What’s not long, in fact, quick and easy is this Orange Arugula Salad which is a perfect foil for the richness of the etouffee.
- For the stock:
- Shells & heads from 2 lbs. of shrimp
- 1 tablespoon olive oil
- 3 pods garlic, crushed
- 3 cloves (or more if desired)
- ⅓ cup celery (include leaves if possible)
- 1 medium carrot, peeled & cut into chunks
- ½ of a medium onion cut into quarters
- 3 sprigs parsley, including stems
- 1 bay leaf
- ½ tsp. black pepper or whole peppercorns
- 5 cups water (or to cover)
- For the etouffee:
- 2 slices bacon
- 6 tablespoons butter
- ⅓ cup flour
- 1 cup onion, diced
- ½ cup bell pepper (any color), diced
- ½ cup celery, diced
- 1 tablespoon garlic, minced
- 1 bay leaf
- 1½ cups small shrimp, peeled & deveined
- 1 teaspoon salt
- ¼ teaspoon black pepper
- ¼ teaspoon cayenne pepper
- 1 teaspoon lemon juice
- ½ tsp. ground thyme
- a few gratings of nutmeg
- ½ cup green onion tops, sliced
- 1 tablespoon parsley, minced
- 1 cup shrimp stock (or chicken broth)
- 2 cups hot water (approximately, as needed for thinning the gravy depending on how thick you like it)
- For the stock:
- Add a couple of tablespoons of olive oil to the pan.
- Add the heads and shells and stir over medium heat until pink, about 10 minutes. They should give off a noticeable aroma. This develops flavor.
- Add water, veg, bay leaf, garlic, and cloves.
- Boil for 30 minutes.
- Strain and reserve.
- For the etouffee:
- Dice bacon and fry over a low heat until brown then remove.
- Stir the butter into the bacon fat until melted.
- Whisk in the flour and keep stirring until you get a medium brown roux about the color of a football.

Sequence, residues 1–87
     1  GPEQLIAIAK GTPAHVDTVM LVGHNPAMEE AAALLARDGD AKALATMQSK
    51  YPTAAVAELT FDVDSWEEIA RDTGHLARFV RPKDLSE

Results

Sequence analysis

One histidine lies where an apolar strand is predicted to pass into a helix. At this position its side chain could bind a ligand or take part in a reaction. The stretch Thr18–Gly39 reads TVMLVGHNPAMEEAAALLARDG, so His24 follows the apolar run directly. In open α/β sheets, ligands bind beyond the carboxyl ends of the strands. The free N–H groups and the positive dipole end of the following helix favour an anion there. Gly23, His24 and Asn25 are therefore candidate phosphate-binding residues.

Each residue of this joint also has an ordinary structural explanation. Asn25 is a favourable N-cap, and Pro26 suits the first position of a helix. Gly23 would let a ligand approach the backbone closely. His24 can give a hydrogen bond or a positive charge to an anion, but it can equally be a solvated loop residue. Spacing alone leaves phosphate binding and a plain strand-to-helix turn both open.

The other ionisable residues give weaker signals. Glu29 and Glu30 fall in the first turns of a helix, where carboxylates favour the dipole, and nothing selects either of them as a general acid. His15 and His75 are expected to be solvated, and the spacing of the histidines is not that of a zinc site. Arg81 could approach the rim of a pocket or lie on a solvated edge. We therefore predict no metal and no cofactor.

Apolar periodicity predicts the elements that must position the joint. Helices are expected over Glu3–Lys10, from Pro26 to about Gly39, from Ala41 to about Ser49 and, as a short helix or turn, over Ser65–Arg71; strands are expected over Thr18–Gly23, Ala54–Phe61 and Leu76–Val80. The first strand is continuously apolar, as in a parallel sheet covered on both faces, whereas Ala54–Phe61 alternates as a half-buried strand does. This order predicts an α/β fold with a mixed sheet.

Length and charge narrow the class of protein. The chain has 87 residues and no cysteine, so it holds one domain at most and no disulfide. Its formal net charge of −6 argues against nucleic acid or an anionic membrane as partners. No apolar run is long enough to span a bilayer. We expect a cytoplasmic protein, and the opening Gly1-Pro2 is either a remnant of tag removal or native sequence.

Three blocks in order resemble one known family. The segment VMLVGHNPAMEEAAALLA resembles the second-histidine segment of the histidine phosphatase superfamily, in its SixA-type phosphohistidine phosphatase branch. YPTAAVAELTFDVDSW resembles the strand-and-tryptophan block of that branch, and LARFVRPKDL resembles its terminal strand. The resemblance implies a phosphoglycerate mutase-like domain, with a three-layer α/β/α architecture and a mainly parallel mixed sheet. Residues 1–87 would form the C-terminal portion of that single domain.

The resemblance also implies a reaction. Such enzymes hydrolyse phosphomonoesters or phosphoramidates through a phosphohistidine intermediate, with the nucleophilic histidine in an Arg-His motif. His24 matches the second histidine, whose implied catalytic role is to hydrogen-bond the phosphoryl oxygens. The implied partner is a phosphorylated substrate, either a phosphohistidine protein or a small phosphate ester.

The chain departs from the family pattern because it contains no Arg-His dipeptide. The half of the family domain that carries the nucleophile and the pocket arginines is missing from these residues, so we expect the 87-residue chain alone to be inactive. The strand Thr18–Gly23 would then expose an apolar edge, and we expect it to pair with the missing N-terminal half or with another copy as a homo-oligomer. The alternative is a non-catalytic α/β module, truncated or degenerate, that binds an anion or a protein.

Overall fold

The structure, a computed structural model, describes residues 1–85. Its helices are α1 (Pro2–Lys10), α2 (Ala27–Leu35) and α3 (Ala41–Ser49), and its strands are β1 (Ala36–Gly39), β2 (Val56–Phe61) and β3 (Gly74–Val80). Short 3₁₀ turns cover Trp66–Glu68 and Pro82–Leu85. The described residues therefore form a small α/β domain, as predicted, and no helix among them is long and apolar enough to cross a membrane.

- Whisk in the tomato paste then add the onion, bell pepper, celery, thyme, nutmeg and garlic and stir over medium heat until soft, about 15 minutes. (keep in mind that the more finely you chop the veg, the more quickly it cooks.)
- Next add the shrimp stock and cook for about 10 minutes.
- Now add the shrimp, black & cayenne peppers, lemon juice, bay leaf, & parsley.
- Let it simmer on a very low heat for about 10 minutes.
- At this point check the thickness of the gravy and add hot water as desired.
- Serve with boiled rice.
- Garnish with green onion.
For crawfish etouffee just substitute crawfish for the shrimp. If you have crawfish stock great. If not shrimp stock is fine.
Gary Parrish says
I know it is au currant, however, etouffee is not made with the trinity. I have it from a very good source, that the recipe made by Thelma Breaux was butter, onions, garlic, a dash of katsup for color and crawfish tails, finished with diced green onion tops. I blame chef Paul Prudhomme and Emeril for causing everyone to think that all Cajun dishes start with the trinity, but that is not the case.
Carine Clary says
That’s interesting and thanks for sharing. I hadn’t heard about the prep you mention but I do like it with a bacon fat based roux and the trinity the way I laid it out in my recipe. Thelma Breaux’s version sounds almost like a sort of simple Italian style quick saute sauce to pour over spaghetti or bucatini. May be worth trying and if I do I’ll let you know.